This circuit has also broadly held that "[i]n effectuating this provision [Section 409(a) ], Congress intended the courts to draw on the principle of traditional trust law." Mazzola, 716 F.2d at 1235 (citing Freund ). Judge Kozinski attempts to dismiss Mazzola. He states that Mazzola "merely notes that Congress derived the Act's provisions related to fiduciaries from the common law of trusts," and does not stand for the proposition that the common law of trusts supplies a federal remedy where the statute itself does not seem to provide one. At 872 ----. Judge Kozinski, however, misconstrues Mazzola. What Mazzola did find was that a proper 409(a) remedy, borrowed directly from the law of trusts, included the posting of a one million dollar bond to provide security to protect against losses to an ERISA plan. The district court had ordered the posting of the bond by the plan's trustees until the balance on a bad loan made by the trustees was reduced to a certain figure. The court noted that though 409(a) did not by its terms provide for such a bond "[w]here there has been a breach of fiduciary duty, ERISA grants to the courts broad authority to fashion remedies for redressing the interests of participants and beneficiaries." Mazzola, 716 F.2d at 1235 (citing Eaves v. Penn ). The court looked directly to the law of trusts for the basis of the bond requirement.1 Mazzola is directly applicable to the case at bar. It found that section 409(a) remedies must be interpreted in light of the common law of trusts. In Mazzola, this circuit has already held that 409(a) incorporates common law trust remedies. Judge Kozinski's opinion directly contradicts Mazzola and creates an intracircuit conflict.2


The dismissal of the pendent claim was not appealed


The concurring opinion points to additional legislative history indicating that ERISA's principles of fiduciary conduct are derived from and embody the existing common law of trusts. Concurring Op. at 5063. Nothing in these statements contradicts our interpretation of Senator Williams' comment or our reading of section 409(a). For example, the Senate Report on which the concurrence relies only provides that "certain principles" of trust law would be applicable to "these fiduciaries." This statement does not address the key issue before us, namely what are these principles and who are these fiduciaries. Even less helpful is the House Report, which merely notes that "[t]he principles of fiduciary conduct are adopted from existing trust law." This does not support the broader proposition that ERISA meant to adopt the entire body of state trust law lock, stock and barrel. In any event, legislative history is irrelevant to the construction of an unambiguous statute. United Air Lines, Inc. v. McMann, 434 U.S. 192, 199, 98 S.Ct. 444, 448, 54 L.Ed.2d 402 (1977); see also Bethesda Hospital Ass'n v. Bowen, --- U.S. ----, 108 S.Ct. 1255, 1257-58, 99 L.Ed.2d 460 (1988)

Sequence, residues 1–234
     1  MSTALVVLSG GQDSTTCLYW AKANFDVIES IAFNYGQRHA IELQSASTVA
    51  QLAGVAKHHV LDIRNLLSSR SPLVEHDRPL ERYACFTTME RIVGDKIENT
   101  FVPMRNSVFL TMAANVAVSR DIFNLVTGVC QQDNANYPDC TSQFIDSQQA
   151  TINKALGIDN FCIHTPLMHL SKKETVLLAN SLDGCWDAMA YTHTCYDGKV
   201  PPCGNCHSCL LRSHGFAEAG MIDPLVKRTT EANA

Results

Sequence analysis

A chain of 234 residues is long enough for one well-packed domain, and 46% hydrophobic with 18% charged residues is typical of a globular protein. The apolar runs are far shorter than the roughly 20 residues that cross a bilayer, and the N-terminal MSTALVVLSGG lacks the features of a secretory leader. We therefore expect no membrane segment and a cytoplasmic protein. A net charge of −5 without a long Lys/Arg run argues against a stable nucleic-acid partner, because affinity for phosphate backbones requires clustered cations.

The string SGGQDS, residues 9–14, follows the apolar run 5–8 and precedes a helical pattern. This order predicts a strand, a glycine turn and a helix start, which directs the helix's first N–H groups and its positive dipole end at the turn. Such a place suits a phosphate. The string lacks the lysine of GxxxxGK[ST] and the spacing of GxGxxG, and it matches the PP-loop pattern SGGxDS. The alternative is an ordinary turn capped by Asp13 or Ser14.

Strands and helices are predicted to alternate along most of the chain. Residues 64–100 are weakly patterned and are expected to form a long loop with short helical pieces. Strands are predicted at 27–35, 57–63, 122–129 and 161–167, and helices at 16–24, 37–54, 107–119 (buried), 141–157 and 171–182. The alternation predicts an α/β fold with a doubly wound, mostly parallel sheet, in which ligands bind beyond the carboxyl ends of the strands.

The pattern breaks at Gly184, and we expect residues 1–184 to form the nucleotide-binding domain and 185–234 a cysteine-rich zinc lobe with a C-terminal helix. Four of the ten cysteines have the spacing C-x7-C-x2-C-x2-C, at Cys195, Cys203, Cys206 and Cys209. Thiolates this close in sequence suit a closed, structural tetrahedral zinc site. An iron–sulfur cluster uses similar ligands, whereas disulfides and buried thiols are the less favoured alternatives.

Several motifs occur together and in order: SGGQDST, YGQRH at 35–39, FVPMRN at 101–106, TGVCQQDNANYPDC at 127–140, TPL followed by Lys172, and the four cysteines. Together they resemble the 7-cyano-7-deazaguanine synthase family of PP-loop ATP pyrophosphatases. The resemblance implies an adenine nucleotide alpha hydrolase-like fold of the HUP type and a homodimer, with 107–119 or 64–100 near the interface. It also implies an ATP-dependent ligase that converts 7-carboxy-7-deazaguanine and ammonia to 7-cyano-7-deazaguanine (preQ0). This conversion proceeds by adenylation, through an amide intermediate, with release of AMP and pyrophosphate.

We do not disagree with the concurrence's observation that, under Mazzola, section 409(a) incorporates common law trust remedies. But this does not answer the more fundamental question of whom those remedies may be invoked against. The plain language of section 409(a) limits its scope to fiduciaries. Mazzola is not to the contrary


We reject defendant's contention that plaintiffs are foreclosed from relying on section 502(a)(3) because they proceeded solely under section 409 in the district court and in their opening brief in this court. Although the complaint does not expressly mention section 502(a)(3), it does request equitable relief against Frommer and the other defendants. Under the notice pleading practice of the Federal Rules of Civil Procedure, this was sufficient to state a claim for relief under section 502(a)(3)